The rest of your post is dead on accurate. Now let's talk about why the black level sucks on LCD TV's .
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  #28  
Old 09-14-2006
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Quote:
Originally Posted by camaraderie
LCD's TV's don't care about true sine waves. Modified is just fine. Where did you get that information?

The rest of your post is dead on accurate. Now let's talk about why the black level sucks on LCD TV's .
Got the information from a guy over at Planar Systems, which makes a fair number of LCD panels.
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Telstar 28
New England

You know what the first rule of sailing is? ...Love. You can learn all the math in the 'verse, but you take
a boat to the sea you don't love, she'll shake you off just as sure as the turning of the worlds. Love keeps
her going when she oughta fall down, tells you she's hurting 'fore she keens. Makes her a home.

—Cpt. Mal Reynolds, Serenity (edited)

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  #29  
Old 09-15-2006
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S-Dog...he's just flat wrong. At worst you'll see some lines in the picture assuming at is a transformer based MSW inverter. There is NO issue with it working or damaging the set or the life of the set. You won't even see any lines with a good inverter. Note this commentary from sinergex which sells BOTH types of inverters:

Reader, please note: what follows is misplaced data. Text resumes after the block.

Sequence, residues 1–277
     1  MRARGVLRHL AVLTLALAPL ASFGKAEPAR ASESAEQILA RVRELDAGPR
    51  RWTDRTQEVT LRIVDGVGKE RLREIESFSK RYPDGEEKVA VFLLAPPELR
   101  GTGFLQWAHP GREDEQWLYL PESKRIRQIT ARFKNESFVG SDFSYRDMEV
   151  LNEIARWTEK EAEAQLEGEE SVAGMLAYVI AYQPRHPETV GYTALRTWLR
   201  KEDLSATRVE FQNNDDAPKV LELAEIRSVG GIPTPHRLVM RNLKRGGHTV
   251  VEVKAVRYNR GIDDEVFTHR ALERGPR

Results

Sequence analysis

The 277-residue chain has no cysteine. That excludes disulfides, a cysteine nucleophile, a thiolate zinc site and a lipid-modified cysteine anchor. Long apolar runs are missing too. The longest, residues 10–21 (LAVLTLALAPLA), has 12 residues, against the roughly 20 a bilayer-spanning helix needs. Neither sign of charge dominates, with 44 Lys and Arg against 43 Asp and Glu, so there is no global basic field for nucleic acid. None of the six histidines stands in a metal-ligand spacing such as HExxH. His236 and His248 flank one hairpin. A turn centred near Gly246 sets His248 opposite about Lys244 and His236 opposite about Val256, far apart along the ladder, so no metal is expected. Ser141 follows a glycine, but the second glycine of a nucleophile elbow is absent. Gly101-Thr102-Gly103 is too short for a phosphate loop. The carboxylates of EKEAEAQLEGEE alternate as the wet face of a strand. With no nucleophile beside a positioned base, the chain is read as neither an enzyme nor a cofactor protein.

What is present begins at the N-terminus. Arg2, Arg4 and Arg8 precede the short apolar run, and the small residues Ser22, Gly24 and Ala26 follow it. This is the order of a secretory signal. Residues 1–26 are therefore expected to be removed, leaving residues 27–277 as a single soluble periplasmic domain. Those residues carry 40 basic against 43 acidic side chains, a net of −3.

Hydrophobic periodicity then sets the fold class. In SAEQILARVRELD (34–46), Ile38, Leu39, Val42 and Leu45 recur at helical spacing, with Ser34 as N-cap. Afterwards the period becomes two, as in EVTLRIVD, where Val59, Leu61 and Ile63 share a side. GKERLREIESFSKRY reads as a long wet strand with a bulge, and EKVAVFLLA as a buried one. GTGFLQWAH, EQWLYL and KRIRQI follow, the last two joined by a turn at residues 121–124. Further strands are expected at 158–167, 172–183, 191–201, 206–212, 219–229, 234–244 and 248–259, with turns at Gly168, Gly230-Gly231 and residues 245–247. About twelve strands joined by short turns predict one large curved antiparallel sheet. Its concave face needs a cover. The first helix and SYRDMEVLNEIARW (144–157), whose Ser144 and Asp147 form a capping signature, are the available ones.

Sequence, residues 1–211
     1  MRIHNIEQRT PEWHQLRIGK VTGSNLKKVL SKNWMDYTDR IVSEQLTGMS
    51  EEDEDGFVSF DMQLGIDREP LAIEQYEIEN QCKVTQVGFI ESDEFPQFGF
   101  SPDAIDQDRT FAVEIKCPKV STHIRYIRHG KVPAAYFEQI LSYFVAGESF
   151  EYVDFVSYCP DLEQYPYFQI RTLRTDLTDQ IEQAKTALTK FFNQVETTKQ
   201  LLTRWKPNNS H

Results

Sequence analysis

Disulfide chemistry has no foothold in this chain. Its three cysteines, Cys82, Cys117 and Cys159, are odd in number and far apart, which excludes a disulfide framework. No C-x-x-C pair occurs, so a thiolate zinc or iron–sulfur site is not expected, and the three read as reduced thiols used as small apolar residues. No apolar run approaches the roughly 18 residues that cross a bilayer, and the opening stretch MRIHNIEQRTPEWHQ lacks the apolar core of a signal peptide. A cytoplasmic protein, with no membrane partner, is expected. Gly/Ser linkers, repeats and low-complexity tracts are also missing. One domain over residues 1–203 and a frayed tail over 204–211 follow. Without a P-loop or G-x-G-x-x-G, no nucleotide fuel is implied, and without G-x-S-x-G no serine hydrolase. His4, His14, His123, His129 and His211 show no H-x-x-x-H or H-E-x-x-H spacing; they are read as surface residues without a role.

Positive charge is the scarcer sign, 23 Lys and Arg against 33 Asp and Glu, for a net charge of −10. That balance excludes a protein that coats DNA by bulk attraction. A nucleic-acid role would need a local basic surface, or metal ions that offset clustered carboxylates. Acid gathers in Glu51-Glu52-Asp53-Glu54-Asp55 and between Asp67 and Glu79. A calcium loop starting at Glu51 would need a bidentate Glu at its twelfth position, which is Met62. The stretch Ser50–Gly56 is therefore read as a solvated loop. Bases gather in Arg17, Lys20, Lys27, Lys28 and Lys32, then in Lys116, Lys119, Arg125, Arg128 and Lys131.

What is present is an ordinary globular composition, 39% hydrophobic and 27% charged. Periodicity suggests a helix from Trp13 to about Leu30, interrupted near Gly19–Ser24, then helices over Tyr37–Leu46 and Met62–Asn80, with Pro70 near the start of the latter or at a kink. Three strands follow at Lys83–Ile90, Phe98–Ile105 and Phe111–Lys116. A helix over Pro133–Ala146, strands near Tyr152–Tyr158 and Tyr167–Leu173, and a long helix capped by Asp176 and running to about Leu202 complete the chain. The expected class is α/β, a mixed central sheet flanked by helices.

The main downside to modified sine wave output is slight interference. This interference can be seen on some televisions and computers. It will not cause any damage, but can be a little annoying. The upside to modified sine wave inverters is they will run most appliances, and are very affordable.

Obviously the guys at Planar don't like any lines on their displays...but it ain't gonna hurt anything. I've had my LCD running off my Heart for 3 years now...no lines...no problems.

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  #30  
Old 09-17-2006
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One thing to consider is an extended warranty. I usually do not get one, having never had a unit fail w/in one, only just after.

But since I bought it to use on my boat I did get one for the Panasonic LCD TV, precisely because the warranty explicitly covered humidity damage. (That was a surprise!)

Re: use w/invertors

I can run this tv & a small noname DVD player off a cheapo 70W inut that plugs into a cig plug socket. Work fine.